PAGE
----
Doping: wrong or right? You decide.
*Doping is the illegal use of a drug (such as a steroid) to improve an athlete’s performance.
Crowds would swarm together at local food stalls, fast-food joints, or anywhere that had a television airing the nation’s highly anticipated sport.
As I was having my dinner at a local food stall, I noticed the “aunties” and “uncles” had their eyes glued to the television screen above me; with every few minutes bellowing a loud cheer or a disappointed “Aiyaaa!” as Datuk Lee Chong Wei moved swiftly across the badminton court.
The unity I found amongst Malaysians when the two-time-Olympic silver medalist and nation’s top badminton player strived to make our nation proud was heartwarming.
It came as a shock when we discovered the 32-year-old was handed an eight-month ban for doping.
However, the world governing body indicated that, “. . . this is not a case of doping with intent to cheat,” but mere negligence as the prohibited drug was found in some gelatin capsules of food supplements Lee was consuming.
Lee said in a news conference, “I am of course relieved. I accept the result. I will review and be back, and maybe. . . will be stronger mentally for the competitions to come.”
Negligence or intentional?
But how about Olympic silver medalist and Russian tennis player, Maria Sharapova, who was recently suspended for two years for doping, causing her to miss this year’s Olympics?
Sharapova claimed that she had been handed meldonium (the prohibited drug) by her doctor in 2006 to deal with irregular heartbeat and a family history of diabetes.
However, e-mails between her doctor and her indicated that he had advised her to increase her dosage before key matches.
“It’s very important for you to understand that for 10 years this medicine was not on WADA’s (World Anti-Doping Agency) banned list and I had been legally taking the medicine for the past 10 years,” Sharapova said at the press conference. “But on Jan 1, the rules had changed and meldonium became a prohibited substance, which I had not known.”
“I have to take full responsibility for it,” she added. “It’s my body, and I’m responsible for what I put into it.”
Or how about Lance Armstrong who was stripped of his seven Tour de France titles and Olympic bronze medal after he admitted to using performance-enhancing drugs? Armstrong blamed no one but himself for his actions.
But who sets the standards?
Who sets the standards and rules of conduct on what is ethically wrong or right?
Some say that if you play a friendly game of football, doping will not be the first thing to cross one’s mind, hence making it wrong to do even at a professional level.
But is it inherently wrong?
To some, it is an insult to the game as players use doping as a cop out to replace hard work, discipline, and perseverance.
Where drugs may be seen as a way of succeeding with less effort, some claim that the laws against it itself are dysfunctional and that doping should be allowed.
Norman Frost, Professor and Director of the Medical Ethics Program at the University of Wisconsin, stated: “There is no coherent argument to support the view that enhancing performance is unfair; if it were, we would ban coaching and training.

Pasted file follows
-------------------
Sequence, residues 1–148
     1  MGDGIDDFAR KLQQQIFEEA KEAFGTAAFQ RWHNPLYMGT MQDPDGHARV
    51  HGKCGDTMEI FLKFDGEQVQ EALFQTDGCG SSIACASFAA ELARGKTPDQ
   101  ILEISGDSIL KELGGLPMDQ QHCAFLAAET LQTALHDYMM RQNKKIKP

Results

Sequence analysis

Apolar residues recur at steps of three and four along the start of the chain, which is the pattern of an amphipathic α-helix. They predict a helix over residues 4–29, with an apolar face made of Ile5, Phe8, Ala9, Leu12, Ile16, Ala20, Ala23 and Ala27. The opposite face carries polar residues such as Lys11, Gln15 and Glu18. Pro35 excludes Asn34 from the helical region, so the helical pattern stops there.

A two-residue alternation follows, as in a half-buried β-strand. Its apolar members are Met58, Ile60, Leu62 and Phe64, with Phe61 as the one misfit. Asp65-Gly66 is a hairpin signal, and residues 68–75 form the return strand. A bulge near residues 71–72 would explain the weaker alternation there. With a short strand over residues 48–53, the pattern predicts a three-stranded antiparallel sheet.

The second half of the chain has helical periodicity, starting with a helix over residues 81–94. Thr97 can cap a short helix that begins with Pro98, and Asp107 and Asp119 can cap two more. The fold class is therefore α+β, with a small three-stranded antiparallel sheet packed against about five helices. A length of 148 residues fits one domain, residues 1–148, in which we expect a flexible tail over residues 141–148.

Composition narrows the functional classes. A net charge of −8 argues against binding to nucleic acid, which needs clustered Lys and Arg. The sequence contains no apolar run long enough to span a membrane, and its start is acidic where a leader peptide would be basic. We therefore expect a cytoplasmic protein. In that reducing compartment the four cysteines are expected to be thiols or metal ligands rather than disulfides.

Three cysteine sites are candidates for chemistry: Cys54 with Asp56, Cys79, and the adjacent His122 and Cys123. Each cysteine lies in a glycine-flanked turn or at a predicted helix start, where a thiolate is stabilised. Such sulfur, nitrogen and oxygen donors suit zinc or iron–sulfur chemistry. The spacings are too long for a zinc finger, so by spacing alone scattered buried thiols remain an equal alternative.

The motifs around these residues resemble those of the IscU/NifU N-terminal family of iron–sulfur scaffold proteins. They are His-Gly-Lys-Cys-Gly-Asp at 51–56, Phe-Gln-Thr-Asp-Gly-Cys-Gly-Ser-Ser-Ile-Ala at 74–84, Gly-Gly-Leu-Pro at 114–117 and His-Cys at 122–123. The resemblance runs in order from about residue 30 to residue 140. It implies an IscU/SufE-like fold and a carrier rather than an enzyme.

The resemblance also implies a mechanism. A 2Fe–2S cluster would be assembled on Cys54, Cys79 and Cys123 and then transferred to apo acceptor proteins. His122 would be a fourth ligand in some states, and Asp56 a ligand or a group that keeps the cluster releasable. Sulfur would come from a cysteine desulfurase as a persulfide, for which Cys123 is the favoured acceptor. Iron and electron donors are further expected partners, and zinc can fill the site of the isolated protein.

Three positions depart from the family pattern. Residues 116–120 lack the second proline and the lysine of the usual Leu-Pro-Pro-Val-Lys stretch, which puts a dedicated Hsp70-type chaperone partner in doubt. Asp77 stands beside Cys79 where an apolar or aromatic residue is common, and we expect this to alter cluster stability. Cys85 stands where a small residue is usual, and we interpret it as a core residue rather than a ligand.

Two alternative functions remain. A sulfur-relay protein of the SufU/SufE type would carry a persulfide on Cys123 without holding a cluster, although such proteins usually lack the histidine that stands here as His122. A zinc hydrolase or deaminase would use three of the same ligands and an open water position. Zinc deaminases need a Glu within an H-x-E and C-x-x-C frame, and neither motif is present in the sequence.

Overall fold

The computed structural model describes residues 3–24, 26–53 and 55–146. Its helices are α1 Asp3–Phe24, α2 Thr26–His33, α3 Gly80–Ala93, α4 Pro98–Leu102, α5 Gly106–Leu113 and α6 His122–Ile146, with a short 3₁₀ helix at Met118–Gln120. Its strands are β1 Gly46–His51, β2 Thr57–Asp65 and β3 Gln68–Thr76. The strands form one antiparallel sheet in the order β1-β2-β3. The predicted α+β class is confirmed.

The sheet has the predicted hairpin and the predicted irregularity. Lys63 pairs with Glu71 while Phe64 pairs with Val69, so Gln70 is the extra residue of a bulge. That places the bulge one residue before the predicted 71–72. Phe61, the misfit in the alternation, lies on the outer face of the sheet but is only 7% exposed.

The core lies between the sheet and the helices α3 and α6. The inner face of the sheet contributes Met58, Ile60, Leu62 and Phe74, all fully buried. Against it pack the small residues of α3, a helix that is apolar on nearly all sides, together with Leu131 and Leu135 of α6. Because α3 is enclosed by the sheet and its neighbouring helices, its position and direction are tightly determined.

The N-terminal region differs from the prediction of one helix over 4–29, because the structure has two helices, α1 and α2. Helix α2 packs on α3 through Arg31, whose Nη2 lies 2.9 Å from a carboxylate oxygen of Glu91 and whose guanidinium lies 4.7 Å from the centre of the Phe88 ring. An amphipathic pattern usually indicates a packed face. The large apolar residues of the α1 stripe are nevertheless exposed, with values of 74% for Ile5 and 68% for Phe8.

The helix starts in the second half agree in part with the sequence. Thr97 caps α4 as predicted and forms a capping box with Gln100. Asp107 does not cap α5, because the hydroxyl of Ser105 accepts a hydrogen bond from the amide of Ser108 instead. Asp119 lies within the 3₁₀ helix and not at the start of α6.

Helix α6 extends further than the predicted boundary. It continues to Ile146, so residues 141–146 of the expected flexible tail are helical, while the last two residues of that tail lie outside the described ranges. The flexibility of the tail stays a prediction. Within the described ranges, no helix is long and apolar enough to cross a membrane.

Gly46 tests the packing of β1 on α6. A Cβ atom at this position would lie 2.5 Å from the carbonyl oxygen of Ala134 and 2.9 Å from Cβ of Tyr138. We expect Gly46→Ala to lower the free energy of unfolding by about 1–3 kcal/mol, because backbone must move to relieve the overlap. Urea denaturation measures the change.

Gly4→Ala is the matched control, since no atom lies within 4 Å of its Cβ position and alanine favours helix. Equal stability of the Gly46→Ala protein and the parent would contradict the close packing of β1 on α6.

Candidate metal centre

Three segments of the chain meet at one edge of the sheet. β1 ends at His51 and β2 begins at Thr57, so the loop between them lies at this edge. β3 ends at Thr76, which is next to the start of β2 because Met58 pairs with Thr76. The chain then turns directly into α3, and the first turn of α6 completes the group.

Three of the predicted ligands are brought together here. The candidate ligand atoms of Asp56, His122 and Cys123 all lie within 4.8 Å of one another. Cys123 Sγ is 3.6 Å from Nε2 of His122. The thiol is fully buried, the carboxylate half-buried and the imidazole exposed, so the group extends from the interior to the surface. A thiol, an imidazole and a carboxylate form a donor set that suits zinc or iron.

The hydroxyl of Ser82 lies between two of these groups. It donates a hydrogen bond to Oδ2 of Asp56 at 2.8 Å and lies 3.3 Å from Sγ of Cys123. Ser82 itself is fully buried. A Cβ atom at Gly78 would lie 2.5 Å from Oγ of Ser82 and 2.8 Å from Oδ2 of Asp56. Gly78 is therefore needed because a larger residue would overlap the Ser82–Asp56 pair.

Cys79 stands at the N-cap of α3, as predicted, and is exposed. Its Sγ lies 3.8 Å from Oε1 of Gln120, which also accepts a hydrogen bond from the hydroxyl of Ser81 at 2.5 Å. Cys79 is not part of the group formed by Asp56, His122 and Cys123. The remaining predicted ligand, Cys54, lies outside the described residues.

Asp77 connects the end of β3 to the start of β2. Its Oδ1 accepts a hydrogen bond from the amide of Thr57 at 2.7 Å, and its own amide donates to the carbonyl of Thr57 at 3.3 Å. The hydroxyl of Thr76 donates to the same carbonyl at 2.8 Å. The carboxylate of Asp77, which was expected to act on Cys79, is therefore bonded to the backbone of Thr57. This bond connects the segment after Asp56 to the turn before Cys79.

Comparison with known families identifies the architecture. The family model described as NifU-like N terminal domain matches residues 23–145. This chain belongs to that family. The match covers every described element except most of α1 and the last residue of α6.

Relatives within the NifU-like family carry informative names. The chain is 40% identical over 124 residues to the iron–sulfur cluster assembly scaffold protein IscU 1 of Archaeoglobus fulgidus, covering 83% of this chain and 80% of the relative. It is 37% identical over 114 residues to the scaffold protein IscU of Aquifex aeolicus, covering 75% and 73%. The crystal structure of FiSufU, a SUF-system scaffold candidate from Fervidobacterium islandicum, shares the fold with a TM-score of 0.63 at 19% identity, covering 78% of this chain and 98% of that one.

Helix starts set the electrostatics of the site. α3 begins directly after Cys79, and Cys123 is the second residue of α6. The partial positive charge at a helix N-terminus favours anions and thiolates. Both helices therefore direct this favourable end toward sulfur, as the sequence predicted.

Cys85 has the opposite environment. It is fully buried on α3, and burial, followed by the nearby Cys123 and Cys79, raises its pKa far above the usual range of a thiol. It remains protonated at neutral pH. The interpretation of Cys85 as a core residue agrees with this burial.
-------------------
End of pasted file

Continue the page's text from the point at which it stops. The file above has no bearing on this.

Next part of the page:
Competition can be unfair if there is unequal access to particular enhancements, but equal access can be achieved more predictably by deregulation than by prohibition.”
The fight to stay clean
While the fight to keep a clean reputation suffers, the countless rules for athletes change each time.
What do we do when the actions of leaders in their definitive space are questioned? More so when they carry the integrity of what we think role models should be?
While we are hopeful to believe that some cases may have been mere negligence, it is hard to shut our eyes to the intentional ones.
What does that say about our leaders? What does that say about our role models? What does that say about us as role models to the people around us?
When we, as role models, fail to carry the integrity in the simplest of tasks, we ignore the reality because after all, “It was just a little money given to help my son pass his driving licence” and we ignore the fact that it was a bribe that adds to the corruption train or in this sense, doping.
Thought to ponder
The doping debate will be ongoing but our perceptions on humanity determine our ability to cope with the actions of our leaders and role models in our lives. . . even when they fail to meet expectations of what we think role models should act like.
Will we forgive when actions don’t seemingly meet expectations? Or will we scratch them off of our list of people we hold in high esteem?
Leaders who lose their way usually do not start their careers with the intention of cheating.
Constantly being in the spotlight and pressure to always get it right is enough to make anyone crumble.
We are all capable of actions that are questionable; so is it really fair to be harsh on those who already undergo pressure to be the best?
Whether doping is right or wrong in your books, you decide. How we cope with the mistakes of our leaders however, makes all the difference.
Aren’t we just human after all?
Tamara is a curious monkey. She loves thought-provoking conversations over cups of tea. Should doping be allowed in sports? She would love to hear your thoughts! Just e-mail email@example.com. For more Thought of the week articles, click here.